Bouncing baby stars considered identical twins were oddly born 500,000 years apart, a new study finds.
The newly discovered star pair is located in the Orion nebula, a nearby "maternity ward" bustling with stellar-birth activity and located 1,500 light-years from Earth. One light year is the distance light will travel in a year, or about 6 trillion miles (10 trillion kilometers).
The astronomers who discovered the binary found that the stars show identical masses and compositions, elevating the pair to identical twin status. However, their relative brightness and other physical features differ, suggesting one star in Par 1802 formed earlier than the other.
Until now, astrophysicists had assumed binary stars form at about the same time. And so the discovery of these not-so-similar twin stars, detailed in the June 19 issue of the journal Nature, puts a new wrinkle in star formation theories.
Winking baby stars
Astronomers Keivan Stassun of Vanderbilt University and Robert Mathieu of the University of Wisconsin-Madison headed up the study.
They sifted through 15 years' worth of observations of thousands of stars, looking for stellar winks, which suggest a star has just eclipsed its partner. In eclipsing binaries, the two stars as viewed from Earth revolve around an axis that is edge-on to us. Periodically, the stars eclipse, or pass in front of, each other.
Sure enough, they saw a dip in light where the new eclipsing binary resides.
Both stars are about 41 percent that of the sun's mass. Each star is about 1.7 to 1.8 times the size of the sun, though the astronomers estimate one could be about 10 percent larger than the other.
The observations come from the Kitt Peak National Observatory in Arizona and the SMARTS telescopes at the Cerro Tololo Inter-American Observatory in Chile.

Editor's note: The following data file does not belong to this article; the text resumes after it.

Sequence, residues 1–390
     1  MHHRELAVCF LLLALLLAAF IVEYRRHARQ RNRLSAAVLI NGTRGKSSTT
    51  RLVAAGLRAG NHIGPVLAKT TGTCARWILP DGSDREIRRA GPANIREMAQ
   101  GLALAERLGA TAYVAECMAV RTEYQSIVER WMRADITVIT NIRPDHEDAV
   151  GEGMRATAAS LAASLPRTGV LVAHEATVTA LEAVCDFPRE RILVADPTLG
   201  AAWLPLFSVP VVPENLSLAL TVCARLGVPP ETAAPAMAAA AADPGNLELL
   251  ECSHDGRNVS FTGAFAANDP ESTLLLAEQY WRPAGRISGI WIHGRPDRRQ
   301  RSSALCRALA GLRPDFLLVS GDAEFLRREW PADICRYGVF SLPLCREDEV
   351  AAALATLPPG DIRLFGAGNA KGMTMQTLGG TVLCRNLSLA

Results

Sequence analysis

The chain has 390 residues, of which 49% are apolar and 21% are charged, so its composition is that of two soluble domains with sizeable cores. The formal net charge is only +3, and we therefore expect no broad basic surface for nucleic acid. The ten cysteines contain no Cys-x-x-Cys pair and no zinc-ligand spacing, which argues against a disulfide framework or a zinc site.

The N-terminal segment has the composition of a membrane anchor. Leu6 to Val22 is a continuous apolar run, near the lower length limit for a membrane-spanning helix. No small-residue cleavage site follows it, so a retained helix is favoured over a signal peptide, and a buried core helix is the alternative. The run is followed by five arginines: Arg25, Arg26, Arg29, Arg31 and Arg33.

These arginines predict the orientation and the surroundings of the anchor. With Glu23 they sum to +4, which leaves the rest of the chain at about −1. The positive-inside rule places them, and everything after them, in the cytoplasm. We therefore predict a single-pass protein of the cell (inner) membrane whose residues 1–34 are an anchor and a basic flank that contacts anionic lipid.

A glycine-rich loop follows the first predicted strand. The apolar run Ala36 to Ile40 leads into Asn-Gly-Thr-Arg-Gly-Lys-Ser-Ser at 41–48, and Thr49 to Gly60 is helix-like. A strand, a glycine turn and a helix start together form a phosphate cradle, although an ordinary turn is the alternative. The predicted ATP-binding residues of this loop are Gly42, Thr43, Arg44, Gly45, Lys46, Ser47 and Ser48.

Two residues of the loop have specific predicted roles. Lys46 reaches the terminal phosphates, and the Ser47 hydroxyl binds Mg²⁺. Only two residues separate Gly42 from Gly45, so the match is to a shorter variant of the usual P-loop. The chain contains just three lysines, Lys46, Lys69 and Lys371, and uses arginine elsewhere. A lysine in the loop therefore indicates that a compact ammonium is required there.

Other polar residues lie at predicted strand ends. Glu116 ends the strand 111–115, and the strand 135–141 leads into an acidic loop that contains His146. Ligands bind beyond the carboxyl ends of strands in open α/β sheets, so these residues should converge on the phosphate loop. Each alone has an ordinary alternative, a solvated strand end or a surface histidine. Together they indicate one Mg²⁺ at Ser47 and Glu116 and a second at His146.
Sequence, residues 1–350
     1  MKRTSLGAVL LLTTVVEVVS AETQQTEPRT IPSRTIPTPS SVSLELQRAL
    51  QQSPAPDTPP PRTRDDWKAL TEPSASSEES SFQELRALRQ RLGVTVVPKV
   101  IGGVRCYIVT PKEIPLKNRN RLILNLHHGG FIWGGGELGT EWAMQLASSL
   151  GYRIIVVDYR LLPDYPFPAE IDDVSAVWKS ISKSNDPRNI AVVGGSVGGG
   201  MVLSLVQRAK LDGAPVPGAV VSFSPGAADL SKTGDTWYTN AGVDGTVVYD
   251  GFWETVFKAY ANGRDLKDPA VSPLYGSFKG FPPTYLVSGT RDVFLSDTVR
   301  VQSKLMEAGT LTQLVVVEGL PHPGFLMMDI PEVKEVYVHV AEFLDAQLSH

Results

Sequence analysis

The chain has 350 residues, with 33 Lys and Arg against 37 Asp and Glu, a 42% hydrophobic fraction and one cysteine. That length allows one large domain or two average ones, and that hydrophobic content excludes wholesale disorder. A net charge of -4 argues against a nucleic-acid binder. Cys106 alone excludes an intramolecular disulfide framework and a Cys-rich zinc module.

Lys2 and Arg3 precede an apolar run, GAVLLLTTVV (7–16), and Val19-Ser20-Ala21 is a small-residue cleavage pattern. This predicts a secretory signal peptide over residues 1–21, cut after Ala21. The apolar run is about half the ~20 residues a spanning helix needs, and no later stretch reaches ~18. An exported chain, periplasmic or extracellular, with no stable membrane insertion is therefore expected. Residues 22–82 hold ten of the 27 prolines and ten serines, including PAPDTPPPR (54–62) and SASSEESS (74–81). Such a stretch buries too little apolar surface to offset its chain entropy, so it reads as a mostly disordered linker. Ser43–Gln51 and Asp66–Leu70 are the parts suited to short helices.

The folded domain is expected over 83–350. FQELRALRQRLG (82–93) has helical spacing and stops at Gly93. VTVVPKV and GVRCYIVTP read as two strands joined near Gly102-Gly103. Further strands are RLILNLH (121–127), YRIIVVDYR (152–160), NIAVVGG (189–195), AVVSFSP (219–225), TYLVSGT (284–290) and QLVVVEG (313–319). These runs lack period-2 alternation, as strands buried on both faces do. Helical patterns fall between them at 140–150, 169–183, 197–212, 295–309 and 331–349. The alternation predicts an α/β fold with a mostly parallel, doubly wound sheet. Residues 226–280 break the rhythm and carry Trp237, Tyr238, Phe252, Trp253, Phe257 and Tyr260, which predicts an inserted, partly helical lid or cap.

Like humans' genetic material, mass and composition for stars can be akin to destiny, according to Stassun. Human identical twins, which come from the same egg, carry matching DNA and everything that comes with it, including spitting-image looks.
And that's what astronomers would've assumed about two same-mass stars orbiting each other.
"The mass of a star is the physical characteristic that, more than anything else, determines how the star will go through its life. Mass is destiny for a star," Stassun told SPACE.com. "If you have two stars with the same mass, their destinies ought to be the same. Or so we thought."
Stassun and Mathieu found some glaring differences. One star is twice as bright as its sister. This showy twin also has a surface temperature that's about 300 degrees higher than its twin's.
These features make sense with a birth-order scenario suggested by the astronomers.
Here's how they think it works:
Within Orion's stellar nursery, cloudlets of gas and dust are slowly collapsing in under their own weight, i.e. celestial conception. As the clumps of gas and dust condense and get smaller and smaller, they heat up until eventually they light up as full-fledged stars.
Most cloudlets pop out newborn stars at roughly the same time, Stassun said. But for the newly discovered twins, one star likely emerged roughly a half million year before its sibling.
That means the elder star would be slightly ahead of its sibling in the star-formation process and hence would have shed some of its heat and contracted more, explaining why one star (the elder) has a smaller size, lower temperature and glows fainter than the younger one. Since the older star has contracted more, it just crams the same mass into a smaller package.
"Our best interpretation at this point is that the reason we're seeing these physical differences is because there was a birth order between the twins," Stassun said. "One of them was born a little before the other one."
Stassun said they aren't sure "what was going on when the two stars were still in the womb; was one being fed more than the other?"
Astronomers speculate stars tend to come in pairs, though eclipsing binaries are less common. And finding identical twins eclipsing, to boot, is like spotting that needle in a haystack, Stassun said.
The study was funded by the National Science Foundation and a Cottrell Scholar award from the Research Corporation.
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